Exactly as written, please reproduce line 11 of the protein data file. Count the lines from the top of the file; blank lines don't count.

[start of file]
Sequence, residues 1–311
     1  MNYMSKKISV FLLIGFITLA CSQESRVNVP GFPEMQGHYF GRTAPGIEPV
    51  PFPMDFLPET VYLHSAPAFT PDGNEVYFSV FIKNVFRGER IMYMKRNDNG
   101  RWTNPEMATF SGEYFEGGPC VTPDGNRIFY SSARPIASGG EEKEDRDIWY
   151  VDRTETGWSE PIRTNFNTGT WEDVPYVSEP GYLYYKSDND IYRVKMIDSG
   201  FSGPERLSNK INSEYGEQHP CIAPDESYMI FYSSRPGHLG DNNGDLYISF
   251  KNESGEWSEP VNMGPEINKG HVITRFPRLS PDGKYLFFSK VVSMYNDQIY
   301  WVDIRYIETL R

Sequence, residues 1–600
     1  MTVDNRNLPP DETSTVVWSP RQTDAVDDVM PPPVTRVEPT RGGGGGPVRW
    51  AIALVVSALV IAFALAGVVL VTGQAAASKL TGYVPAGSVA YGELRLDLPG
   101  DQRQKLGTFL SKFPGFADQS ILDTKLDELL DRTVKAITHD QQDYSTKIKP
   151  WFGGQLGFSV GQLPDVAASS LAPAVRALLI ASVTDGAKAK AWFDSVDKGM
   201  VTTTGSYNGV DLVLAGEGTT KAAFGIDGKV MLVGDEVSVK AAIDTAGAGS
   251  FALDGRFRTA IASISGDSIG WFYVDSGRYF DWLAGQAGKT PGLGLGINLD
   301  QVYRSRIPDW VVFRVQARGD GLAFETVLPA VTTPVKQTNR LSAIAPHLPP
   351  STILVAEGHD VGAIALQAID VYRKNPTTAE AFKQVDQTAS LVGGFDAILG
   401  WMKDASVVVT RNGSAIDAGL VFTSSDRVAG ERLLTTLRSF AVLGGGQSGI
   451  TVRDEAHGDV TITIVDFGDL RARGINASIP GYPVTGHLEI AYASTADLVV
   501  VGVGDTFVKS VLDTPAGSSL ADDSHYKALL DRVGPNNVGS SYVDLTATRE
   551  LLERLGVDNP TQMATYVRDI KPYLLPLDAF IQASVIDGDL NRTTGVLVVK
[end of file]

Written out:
    51  AIALVVSALV IAFALAGVVL VTGQAAASKL TGYVPAGSVA YGELRLDLPG